New arrivals swell Canada’s population growth with many choosing to go west

by Ray Clancy on February 10, 2017

The rise in the number of people moving to Canada has contributed significantly to the growth in the country’s population, official figures show, with more people moving West.

Canada has been very open in terms of welcoming both would be expats and people fleeing conflict in Syria and other war zones around the world and this is reflected in the newly published figures from Statistics Canada.

Overall people arriving from abroad have accounted for two thirds of the growth in the nation’s population. From 2011 to 2016, the population increased by 1.7 million or 5%, a slightly lower rate than 5.9% from 2006 to 2011.

About two thirds of Canada’s population growth from 2011 to 2016 was the result of migratory increase while natural increase accounted for the remaining one third. In the coming years, population growth in Canada is projected to be increasingly linked to migratory increase rather than natural increase, mainly because of low fertility and an aging population.

It means that Canada has the highest population growth among G7 countries and the average annual population growth rate of 1% from 2011 to 2016 was the eighth highest among G20 countries, behind Saudi Arabia, Turkey, South Africa, Australia, Mexico, Indonesia and India.

The figures also reveal where the highest numbers of people live in Canada with two thirds close to the southern border with the United States. Canada has a small population living in a large land area leading to a low population density compared with other countries. For example, Canada had 3.9 people per square kilometre in 2016, compared with 35.3 people per square kilometre in the US.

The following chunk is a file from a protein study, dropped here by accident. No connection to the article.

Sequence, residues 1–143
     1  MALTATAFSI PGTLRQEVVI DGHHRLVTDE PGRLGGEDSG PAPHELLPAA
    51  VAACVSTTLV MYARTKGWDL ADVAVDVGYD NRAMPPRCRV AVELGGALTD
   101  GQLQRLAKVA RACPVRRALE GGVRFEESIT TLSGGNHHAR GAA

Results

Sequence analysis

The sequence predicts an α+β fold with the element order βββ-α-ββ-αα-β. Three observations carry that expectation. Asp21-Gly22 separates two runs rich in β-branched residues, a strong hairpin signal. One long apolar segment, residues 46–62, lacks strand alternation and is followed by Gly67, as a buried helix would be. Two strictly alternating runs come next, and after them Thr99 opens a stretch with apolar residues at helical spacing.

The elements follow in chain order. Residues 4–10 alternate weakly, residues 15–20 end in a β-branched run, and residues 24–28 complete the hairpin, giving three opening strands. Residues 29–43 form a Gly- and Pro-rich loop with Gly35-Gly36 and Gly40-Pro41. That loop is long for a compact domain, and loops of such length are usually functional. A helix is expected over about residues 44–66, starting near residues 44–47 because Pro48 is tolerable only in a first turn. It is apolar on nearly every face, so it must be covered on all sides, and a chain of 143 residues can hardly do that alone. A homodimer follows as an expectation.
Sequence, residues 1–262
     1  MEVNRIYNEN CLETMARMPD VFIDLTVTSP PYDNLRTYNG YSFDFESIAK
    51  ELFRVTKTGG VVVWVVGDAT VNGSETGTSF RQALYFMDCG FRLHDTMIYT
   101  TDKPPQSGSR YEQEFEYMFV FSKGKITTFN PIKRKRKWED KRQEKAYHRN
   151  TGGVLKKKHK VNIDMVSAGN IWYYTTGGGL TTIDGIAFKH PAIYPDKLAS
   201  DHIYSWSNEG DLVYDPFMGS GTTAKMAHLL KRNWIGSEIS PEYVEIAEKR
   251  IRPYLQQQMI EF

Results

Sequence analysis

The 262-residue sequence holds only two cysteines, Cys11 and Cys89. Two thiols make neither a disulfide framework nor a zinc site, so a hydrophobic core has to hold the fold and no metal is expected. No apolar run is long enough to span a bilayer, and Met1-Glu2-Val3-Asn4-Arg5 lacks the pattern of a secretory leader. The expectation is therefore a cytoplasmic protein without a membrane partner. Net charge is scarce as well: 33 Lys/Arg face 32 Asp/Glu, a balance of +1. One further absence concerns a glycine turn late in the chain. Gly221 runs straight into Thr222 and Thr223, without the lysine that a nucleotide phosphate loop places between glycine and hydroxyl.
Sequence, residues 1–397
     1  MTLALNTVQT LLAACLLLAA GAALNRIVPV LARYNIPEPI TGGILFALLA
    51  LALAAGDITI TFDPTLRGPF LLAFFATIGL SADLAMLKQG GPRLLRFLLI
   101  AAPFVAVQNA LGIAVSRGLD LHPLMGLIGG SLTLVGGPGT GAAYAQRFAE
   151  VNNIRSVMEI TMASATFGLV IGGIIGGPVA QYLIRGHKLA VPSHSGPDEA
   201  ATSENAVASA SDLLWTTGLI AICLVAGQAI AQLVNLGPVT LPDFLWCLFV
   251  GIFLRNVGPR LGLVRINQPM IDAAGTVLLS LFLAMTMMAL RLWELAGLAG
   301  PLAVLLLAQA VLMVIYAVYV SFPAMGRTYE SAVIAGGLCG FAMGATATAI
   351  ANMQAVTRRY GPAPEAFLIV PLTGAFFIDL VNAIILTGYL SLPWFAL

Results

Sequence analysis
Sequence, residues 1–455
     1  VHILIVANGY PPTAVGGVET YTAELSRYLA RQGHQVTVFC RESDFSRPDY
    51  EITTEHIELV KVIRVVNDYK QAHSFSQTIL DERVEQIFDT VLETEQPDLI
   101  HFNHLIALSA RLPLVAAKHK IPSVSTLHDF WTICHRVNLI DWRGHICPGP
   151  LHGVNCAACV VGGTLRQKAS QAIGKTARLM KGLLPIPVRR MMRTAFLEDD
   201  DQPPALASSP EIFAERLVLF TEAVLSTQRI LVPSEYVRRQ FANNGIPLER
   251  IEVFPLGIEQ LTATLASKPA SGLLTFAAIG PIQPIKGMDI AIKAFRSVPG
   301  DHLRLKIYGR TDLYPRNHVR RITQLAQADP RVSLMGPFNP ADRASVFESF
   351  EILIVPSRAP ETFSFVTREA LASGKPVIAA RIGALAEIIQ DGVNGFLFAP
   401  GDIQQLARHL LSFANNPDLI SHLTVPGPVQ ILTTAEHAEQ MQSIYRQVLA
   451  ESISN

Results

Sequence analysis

But the population is highly concentrated geographically. In 2016 some 66% lived within 100 kilometres of the southern border, an area that represents about 4% of Canada’s territory.

This includes the cities of Toronto, Montreal and Vancouver where the population density is well above the national average. The municipality of Vancouver had the highest population density in Canada, with more than 5,400 people per square kilometre. Among municipalities of 5,000 or more inhabitants, the next three with the highest population density were located in the Montreal.

The West is leading the country in terms of population growth for the first time. The top growth rate was in Alberta, followed by Saskatchewan, Manitoba and British Columbia. Nearly one in three residents now live in Western Canada, the highest share ever recorded.

But the Atlantic region, which has the biggest ageing population, is seeing very little growth and the data suggests that is because it is not attracting immigrants.


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